Overall, there are some challenges to traveling with an infant. But given the proper level of preparation, it doesn’t need to be a huge deal, and most people are willing to provide help if you need it.


Traveling with pets is a growing trend, but even the cutest family pets don’t necessarily make good travelers. Are you considering bringing your pet along for the ride on your next vacation? If your answer is “yes”, you’ll want to check out this list of helpful tips and resources.

Think It Over
Bringing your pet on vacation may seem like a great idea at first, but it may result in added stress which may prevent you (and your family members) from getting the most enjoyment out of your vacation time together. If you can’t find someone to “dog sit” in your home, and you don’t have a friend or relative who can take them in, there are excellent kennels that will pamper your pooch and give them lots of attention, along with days full of activities. Your pets will still love you just as much and remember you when you return.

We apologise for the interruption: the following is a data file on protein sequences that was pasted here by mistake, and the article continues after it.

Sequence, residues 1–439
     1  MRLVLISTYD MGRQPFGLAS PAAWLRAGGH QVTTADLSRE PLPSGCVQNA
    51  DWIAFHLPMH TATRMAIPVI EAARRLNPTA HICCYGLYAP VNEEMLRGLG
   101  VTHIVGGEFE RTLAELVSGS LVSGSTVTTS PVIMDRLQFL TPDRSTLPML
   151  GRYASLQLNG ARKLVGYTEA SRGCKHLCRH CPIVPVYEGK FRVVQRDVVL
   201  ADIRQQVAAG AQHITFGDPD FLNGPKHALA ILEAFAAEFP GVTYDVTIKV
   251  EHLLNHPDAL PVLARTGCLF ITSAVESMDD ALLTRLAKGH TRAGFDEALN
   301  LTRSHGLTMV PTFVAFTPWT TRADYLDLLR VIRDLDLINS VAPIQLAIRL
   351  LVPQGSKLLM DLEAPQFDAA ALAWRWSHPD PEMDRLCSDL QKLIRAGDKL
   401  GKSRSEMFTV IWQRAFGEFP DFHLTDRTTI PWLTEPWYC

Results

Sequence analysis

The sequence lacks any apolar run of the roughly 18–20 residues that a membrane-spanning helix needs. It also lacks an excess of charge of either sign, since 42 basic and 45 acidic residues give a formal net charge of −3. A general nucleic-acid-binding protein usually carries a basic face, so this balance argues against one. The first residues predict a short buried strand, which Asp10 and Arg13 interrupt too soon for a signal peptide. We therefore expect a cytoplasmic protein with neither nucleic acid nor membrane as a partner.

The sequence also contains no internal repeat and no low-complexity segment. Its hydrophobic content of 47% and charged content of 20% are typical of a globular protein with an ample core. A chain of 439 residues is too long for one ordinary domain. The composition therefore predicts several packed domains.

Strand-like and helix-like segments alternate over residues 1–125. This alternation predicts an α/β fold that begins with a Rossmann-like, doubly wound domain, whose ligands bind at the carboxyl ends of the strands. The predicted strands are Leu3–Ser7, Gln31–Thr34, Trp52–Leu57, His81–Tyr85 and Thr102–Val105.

Cost Could Be A Major Factor
Figure in your crates, air and hotel surcharges, toys, pet food, unexpected vet bills away from home, and other incidentals, and you’ll realize traveling with your pet might be cost prohibitive.

Still Saying “Yes”?
Make sure you check if pets are allowed at your vacation spot. Many destinations just don’t make bringing your pet very easy or efficient. For instance, you might not realize that the state of Hawaii has a quarantine period for dogs and cats of up to 120 days.

Make Sure Your Pets Are ID’d
Tag your pet's collar with essential information, including vaccinations (especially rabies), your name, address, phone number, and contact info for where you’re staying on your vacation.

Traveling By Air
A good pet travel crate is not something you should buy “on the cheap”. It should be sturdy and correctly sized for your pet. If your crate’s too small, travel will be very uncomfortable. But if it’s too large, your pet could be tossed around and injured during handling. If you’re bringing your pet on a plane, be sure to read your airline's requirements regarding size, weight, material, and design. Airline-approved crates must have ventilation on the sides (in addition to the door) and have food/water trays that are refillable from the outside in the case of a delay. Also, if your pet is house-trained, consider putting a blanket, liner, or cushion in the crate for comfort (if not house-trained, don’t do this unless you want a huge mess).